WASHINGTON -- Sen. Bernie Sanders, consolidating support from voters on the left, has taken a clear lead in the race for California's huge trove of Democratic convention delegates as the presidential campaign moves toward a critical month of primary contests.
Sanders has been propelled to the top in California by growing support from voters who label themselves "very liberal" -- a shift that has come largely at the expense of Sen. Elizabeth Warren. That very liberal group makes up about one in three Democratic primary voters in the state.
Along with strong backing among Latinos and young voters, backing on the left is enough to give the Vermont senator support from 26% of voters likely to take part in the state's March 3 Democratic primary, according to the latest UC Berkeley Institute for Governmental Studies poll, conducted for the Los Angeles Times. His gains in the state come as several polls in Iowa and New Hampshire -- the states with the first contests of the primary season -- also show Sanders gaining ground.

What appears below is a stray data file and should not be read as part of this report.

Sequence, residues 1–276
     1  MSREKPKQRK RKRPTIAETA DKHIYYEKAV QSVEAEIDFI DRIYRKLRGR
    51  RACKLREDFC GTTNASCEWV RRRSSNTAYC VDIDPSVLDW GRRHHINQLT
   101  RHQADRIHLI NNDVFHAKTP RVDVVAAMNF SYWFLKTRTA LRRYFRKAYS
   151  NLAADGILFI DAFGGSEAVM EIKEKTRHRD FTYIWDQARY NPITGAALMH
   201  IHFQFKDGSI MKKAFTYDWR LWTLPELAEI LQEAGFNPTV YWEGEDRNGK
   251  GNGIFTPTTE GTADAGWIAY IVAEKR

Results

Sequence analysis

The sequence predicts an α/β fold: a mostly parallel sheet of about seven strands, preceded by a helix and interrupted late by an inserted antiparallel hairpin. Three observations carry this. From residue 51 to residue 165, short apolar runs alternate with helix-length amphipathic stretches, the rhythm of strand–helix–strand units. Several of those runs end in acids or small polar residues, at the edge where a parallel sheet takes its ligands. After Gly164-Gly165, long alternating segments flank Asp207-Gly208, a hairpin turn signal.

When the poll last surveyed California voters, in late November, Sanders and Warren were bunched tightly together. Since then, however, he has gained and she has continued to lose ground. The Massachusetts senator now has the support of 20% of likely voters, down from 22% in November and 29% in September.
By contrast to the consolidation on the left, the rest of the state's likely primary voters remain divided among several candidates.
That has hampered former Vice President Joe Biden. He remains the front-runner nationally, but in third place in California, with 15% in the poll.
"California's primary electorate is relatively liberal," said Berkeley political science professor Eric Schickler, co-director of the institute. "The state is more conducive to one of the candidates on the left."
Biden narrowly trails Sanders among voters who call themselves somewhat liberal, moderate or conservative, but runs 33 points behind him among the very liberal.
Sanders, Warren and Biden are the only candidates with enough support currently to win any of the state's delegates to the Democratic nominating convention this summer.
Under state Democratic Party's rules, delegates go to candidates who get at least 15% of the vote statewide or in a congressional district. The rest of the Democratic field remains far below that threshold, in single digits.